Lovely message

Hello to all of you,


Thank you for this wonderful summary of an exciting book about an "extraordinary" story.
The content of this book is a "hymn to life", but also to "Peace", being a warning to dangers, which can reappear, but also a call to Tolerance, to Understanding between Peoples and a guide to the Transmission of Memory.
It is for these values that we teachers must fight and follow the two beautiful examples of Ben and Rainer. These are essential to our objectives of preserving future generations from the irresponsibility of certain world leaders and the blindness of certain voters when they cast their ballots, of objectively teaching the disasters of intolerance and indifference, as in 1938/39... Yes, defending the climate is an important cause, but does it not divert us from fundamental human values.
How can we leave shipwrecked people in the middle of the Mediterranean in 2019, drive them back to other countries...?
How can we talk about men in MEN with certain leaders, claiming to be Europeans?
How can we in the former GDR in Saxony in particular be as obnoxious and intolerant as the future leaders of the Nazi regime were and let 12-year-olds express disapproval in front of parents and grandparents at the sight of young French people whose "faces betray their Maghreb origin"? This last experience has haunted me since 2016, when I wanted to share with my students the vision of life before, during and after the fall of the Berlin Wall and of a united and peaceful Europe...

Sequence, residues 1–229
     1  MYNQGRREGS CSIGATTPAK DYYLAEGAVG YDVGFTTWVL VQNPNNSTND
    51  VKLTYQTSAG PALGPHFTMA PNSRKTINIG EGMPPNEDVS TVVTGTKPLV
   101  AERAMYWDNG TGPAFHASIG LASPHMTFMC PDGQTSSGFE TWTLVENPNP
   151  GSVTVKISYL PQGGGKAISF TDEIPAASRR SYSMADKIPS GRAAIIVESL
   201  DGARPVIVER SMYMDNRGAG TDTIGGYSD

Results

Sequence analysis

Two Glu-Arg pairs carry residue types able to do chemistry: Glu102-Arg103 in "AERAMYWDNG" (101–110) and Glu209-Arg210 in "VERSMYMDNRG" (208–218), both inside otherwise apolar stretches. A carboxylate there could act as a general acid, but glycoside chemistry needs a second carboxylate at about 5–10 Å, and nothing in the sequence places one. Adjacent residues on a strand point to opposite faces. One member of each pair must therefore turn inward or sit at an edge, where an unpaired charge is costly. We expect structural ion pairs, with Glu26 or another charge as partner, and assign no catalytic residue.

Yes, our paths will be long to reason with recalcitrant people, deniers of all kinds... but when we see Ben and Rainer together in front of young people, who are admiring their unexpected friendship, their speech, far from hate, we can only want to help them in this beautiful and human approach.
Let's not give up, let's follow Ben and Rainer's paths!!!!!!!!!!!!!!!!!!!!!!!!!!!!!!!!!!!!!!!!!!!!!!!!!!!!!!!!!!!!!!!!!!!!
Best regards to Ben and Rainer and all the recipients of this modest email.
Philippe


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Vicki
10 months ago

Das ist eines nettes E-mail. (That's a nice E-mail.)

My fiance is from Saxony. I've known him since 2016. I don't find anything about him "intolerant." In fact, it's because of what he did to help me last year, when I was only a guest in his house, that's why I became his Freundin in the first place.
I was almost a total stranger. I knew him mostly from online. But since he's 2 meter, 07 cms, He let us come to his house; the British guy I went to Germany with doesn't fill out at 2 meter, 07 cms. He's under 2 meters tall. Like 1,9 meters and he doesn't look like a Viking. So he had no problem with letting us come into his house. He's also a Sicherheitsbeamte (security guard) and works in law enforcement.
Anyway, we stayed with him.
I think he's the kindest most wonderful man alive. He's the youngest in a family of 6 sisters and himself.

His own people killed his grandfather's brother (his father's uncle) because he had a physical disability after surviving polio.
They made the guy disappear and he was never seen again.
He's not happy that they killed their own people and even as they stood before the gallows, most of them gave as their last words "all for Germany. We dd it for Germany." Based on the research I did, most of the 'gro├čen Nazis' went to their deaths defending what they did.
It surprised me.
I looked it up after Rod Serling, my favorite television writer (and WWII Veteran) mentioned that it's what happened "during and after the Nuremberg trials."
Rod Serling was Jewish but in 1960, when he was popular, he was careful to never mention it.